تجزیه و تحلیل شبکه های اجتماعی در تحقیقات سیستم های اطلاعاتی حسابداری
|کد مقاله||سال انتشار||مقاله انگلیسی||ترجمه فارسی||تعداد کلمات|
|10173||2013||11 صفحه PDF||سفارش دهید||5090 کلمه|
Publisher : Elsevier - Science Direct (الزویر - ساینس دایرکت)
Journal : International Journal of Accounting Information Systems, Volume 14, Issue 2, June 2013, Pages 127–137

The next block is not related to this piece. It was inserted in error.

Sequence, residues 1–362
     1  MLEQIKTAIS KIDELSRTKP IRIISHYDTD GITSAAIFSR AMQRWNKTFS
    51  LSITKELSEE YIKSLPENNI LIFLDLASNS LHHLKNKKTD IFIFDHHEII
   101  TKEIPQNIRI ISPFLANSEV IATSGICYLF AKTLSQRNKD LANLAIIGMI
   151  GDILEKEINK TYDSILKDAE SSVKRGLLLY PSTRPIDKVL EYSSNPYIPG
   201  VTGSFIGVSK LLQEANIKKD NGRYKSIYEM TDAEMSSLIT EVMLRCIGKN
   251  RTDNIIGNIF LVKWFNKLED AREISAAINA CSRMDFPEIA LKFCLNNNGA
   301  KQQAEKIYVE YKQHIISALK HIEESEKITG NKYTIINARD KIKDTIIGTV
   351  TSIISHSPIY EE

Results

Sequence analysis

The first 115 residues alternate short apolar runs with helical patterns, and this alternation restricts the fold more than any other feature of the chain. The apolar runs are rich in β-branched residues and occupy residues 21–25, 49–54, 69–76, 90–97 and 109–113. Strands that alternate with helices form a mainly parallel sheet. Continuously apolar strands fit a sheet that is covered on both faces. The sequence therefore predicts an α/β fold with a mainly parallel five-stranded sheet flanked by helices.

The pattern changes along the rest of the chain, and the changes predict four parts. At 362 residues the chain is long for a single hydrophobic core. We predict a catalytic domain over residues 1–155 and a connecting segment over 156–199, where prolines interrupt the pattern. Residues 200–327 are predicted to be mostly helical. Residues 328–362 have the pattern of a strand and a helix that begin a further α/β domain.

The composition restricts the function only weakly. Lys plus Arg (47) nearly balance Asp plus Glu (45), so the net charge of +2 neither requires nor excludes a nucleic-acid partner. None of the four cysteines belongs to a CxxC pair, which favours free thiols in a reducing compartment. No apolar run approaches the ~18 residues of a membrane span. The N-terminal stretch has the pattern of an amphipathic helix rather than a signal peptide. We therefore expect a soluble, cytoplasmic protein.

This paper introduces social network analysis as an alternative research method for conducting accounting information systems related research. With advances in information and communication technologies, transaction data are being recorded in electronic form, resulting in a variety of research opportunities to examine dyadic interactions. A network consists of a set of nodes connected by ties. Social network research focuses on how outcomes are influenced not just by the attributes of the nodes (e.g. individuals), but also by the ties connecting nodes to each other. The nodes are typically conceptualized as actors, such as individuals, teams, or organizations. A unique network structure is created to reflect each different type of tie, such as trust, advice, collocation, or organizational affiliation. Social network analysis can be used for research examining individual, dyadic or network levels of analyses, and is a powerful tool for conducting multi-method research. Given the vast amounts of trace electronic data collected via accounting information systems, this paper reviews how social network analysis not only opens new research avenues for accounting information systems researchers, but identifies opportunities for the field of accounting information systems to inform social network research by identifying new network structures and dynamics leveraging transactional data.